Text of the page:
Following the Prime Minister’s statement on 22nd February, there’s still some time left on the clock for new CIGA regulations, as the UK braces for a staggered re-opening over spring. Whilst there are legal provisions in place to allow for closed-doors meetings to continue as a constitutionally acceptable alternative in the age of coronavirus, the impact of such meetings on shareholder engagement and democratic rigour may far negate the benefits they offer in terms of business continuity.
With this in mind, how should companies approach the AGM in 2021? Cautiously? Perhaps. Wiser however, is to approach the season armed with knowledge, good governance and confidence in your modes of practice. Whether you ultimately plump for a hybrid meeting that incorporates a small, closed physical meeting alongside a virtual element, there are things your organization can do to make your AGM work for both your company and your shareholders.
The ICSA recommends a flexible approach to the AGM in 2021 with four key considerations:
In your notice of meeting, it’s important to publicize your intention to host a meeting online, so that your global shareholder base has a chance of joining the AGM. Once CIGA restrictions ease, closed-meetings will not be constitutionally acceptable. As a result, it’s important your organization provides an opportunity for meaningful shareholder engagement via a robust platform, capable of managing an effective Q&A. Hosting a hybrid meeting also helps to fulfil your obligations under SRD II, and provide visibility and channels of influence for shareholders.
What are the requirements companies must fulfil to ensure a valid hybrid general meeting?
According to the latest guidance from the ICSA, participants at a hybrid meeting— for the meeting to be considered legally hybrid— must have the ability to participate in the meeting on an equivalent as those in the room. All those participating (whether physically or electronically) must be able to vote in real time at the meeting, hear the proceedings of the meeting, speak and be heard at the meeting.
It’s important that companies consider provisions in their articles, if any, with respect to how this is expressed in further detail. In each case, shareholders should be treated fairly across the physical and electronic formats. For example, the Chair of the meeting should not start the business of the meeting until they consider that all the elements under the control of the company have been made available to both virtual and physical attendees. If the above cannot be achieved, a hybrid meeting should not be held as this could impugn the validity of the meeting. Companies in this situation may still use an electronic platform to allow shareholders to follow proceedings and ask questions in real time.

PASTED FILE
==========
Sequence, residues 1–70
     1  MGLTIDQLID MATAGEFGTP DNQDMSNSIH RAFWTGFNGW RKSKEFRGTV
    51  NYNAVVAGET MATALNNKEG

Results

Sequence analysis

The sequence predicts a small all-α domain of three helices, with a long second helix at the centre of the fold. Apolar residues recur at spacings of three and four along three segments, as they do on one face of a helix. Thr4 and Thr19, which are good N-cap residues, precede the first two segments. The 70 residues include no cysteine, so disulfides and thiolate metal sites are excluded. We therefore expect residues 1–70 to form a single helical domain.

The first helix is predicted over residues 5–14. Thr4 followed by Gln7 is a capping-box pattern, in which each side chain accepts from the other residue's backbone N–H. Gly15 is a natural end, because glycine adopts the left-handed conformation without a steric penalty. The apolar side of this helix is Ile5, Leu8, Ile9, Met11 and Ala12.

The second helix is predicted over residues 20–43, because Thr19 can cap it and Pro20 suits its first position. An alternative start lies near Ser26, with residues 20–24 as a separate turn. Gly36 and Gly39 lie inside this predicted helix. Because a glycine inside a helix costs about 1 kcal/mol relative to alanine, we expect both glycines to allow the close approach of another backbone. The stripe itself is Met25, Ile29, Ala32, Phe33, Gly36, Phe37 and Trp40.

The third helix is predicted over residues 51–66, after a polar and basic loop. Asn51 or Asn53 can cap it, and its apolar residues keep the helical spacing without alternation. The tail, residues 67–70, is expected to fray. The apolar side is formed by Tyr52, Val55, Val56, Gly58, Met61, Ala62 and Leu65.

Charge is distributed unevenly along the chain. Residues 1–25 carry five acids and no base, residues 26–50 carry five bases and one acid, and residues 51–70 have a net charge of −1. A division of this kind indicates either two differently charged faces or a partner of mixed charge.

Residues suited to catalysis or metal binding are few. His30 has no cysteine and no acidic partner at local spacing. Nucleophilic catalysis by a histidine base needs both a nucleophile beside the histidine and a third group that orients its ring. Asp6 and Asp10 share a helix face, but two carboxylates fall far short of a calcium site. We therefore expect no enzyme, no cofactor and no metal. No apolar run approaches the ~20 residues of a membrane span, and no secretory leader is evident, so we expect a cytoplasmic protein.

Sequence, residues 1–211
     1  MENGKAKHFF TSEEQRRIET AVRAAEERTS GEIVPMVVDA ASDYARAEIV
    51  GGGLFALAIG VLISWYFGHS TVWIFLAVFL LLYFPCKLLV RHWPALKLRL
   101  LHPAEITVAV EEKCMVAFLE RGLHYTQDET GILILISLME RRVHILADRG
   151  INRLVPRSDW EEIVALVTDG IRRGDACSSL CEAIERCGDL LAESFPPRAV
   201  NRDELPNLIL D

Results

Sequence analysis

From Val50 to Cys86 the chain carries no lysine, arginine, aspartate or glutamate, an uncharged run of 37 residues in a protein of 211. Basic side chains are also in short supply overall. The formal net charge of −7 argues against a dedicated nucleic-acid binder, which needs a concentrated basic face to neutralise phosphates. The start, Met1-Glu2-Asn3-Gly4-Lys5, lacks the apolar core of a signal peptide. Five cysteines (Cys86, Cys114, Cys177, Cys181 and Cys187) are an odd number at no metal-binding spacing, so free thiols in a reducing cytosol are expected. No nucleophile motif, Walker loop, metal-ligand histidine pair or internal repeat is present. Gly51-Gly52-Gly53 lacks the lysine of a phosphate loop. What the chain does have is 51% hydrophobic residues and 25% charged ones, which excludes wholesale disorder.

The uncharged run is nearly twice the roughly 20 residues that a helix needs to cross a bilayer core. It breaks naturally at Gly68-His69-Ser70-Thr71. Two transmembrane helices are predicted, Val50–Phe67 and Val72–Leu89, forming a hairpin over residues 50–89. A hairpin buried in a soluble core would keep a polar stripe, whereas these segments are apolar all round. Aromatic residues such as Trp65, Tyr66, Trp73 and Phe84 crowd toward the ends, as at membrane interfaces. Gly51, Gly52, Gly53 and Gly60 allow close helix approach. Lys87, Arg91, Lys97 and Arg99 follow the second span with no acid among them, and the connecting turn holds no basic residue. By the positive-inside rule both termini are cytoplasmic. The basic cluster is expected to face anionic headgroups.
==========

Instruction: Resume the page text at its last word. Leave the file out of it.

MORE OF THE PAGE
How should questions and answers be conducted at a hybrid general meeting?
It’s vital that companies make the distinction between their requirement to make sure shareholders are heard and seen, and a shareholder’s ability to ask a question through a chat function. As emphasised by the ICSA, “In certain cases, the technology on offer may only permit virtual participants to ask questions through a chat function. This does not equate with the ability to ‘speak’ and ‘be heard’ at a meeting and therefore in the absence specific provisions in the articles which allow participation by communication in a different way (including a definition as to how persons participating can electronically ‘speak’), those attending electronically are not participants in the meeting.”
It’s essential therefore, that you select a platform that is equipped to integrate telephony into the form of the meeting, to ensure shareholder voice is heard, and guarantee the legitimacy of your meeting. Globally, there are very few meeting providers who have experience of offering telephony through their platform. Lumi is one of the few players who have almost two decades of experience offering telephony, helping organizations ensure business continuity and fulfil their obligations under SRD II.
When it comes to ensuring best practice in the age of coronavirus, one size almost certainly does not fit all. Although emergency measures persist until 30th March, closed doors meetings are an inadequate alternative to the AGM, and are, in normal times, exceptionally poor practice. In addition, whilst it’s essential that the legal requirement is met, as many practitioners know, good practice exceeds the legal requirement. At Lumi, we know that good practice will always lean towards a hybrid approach, thanks to the formats ability to marry constitutional requirements with improved shareholder engagement.
To learn more about hybrid meetings with Lumi, speak to one of our experts today.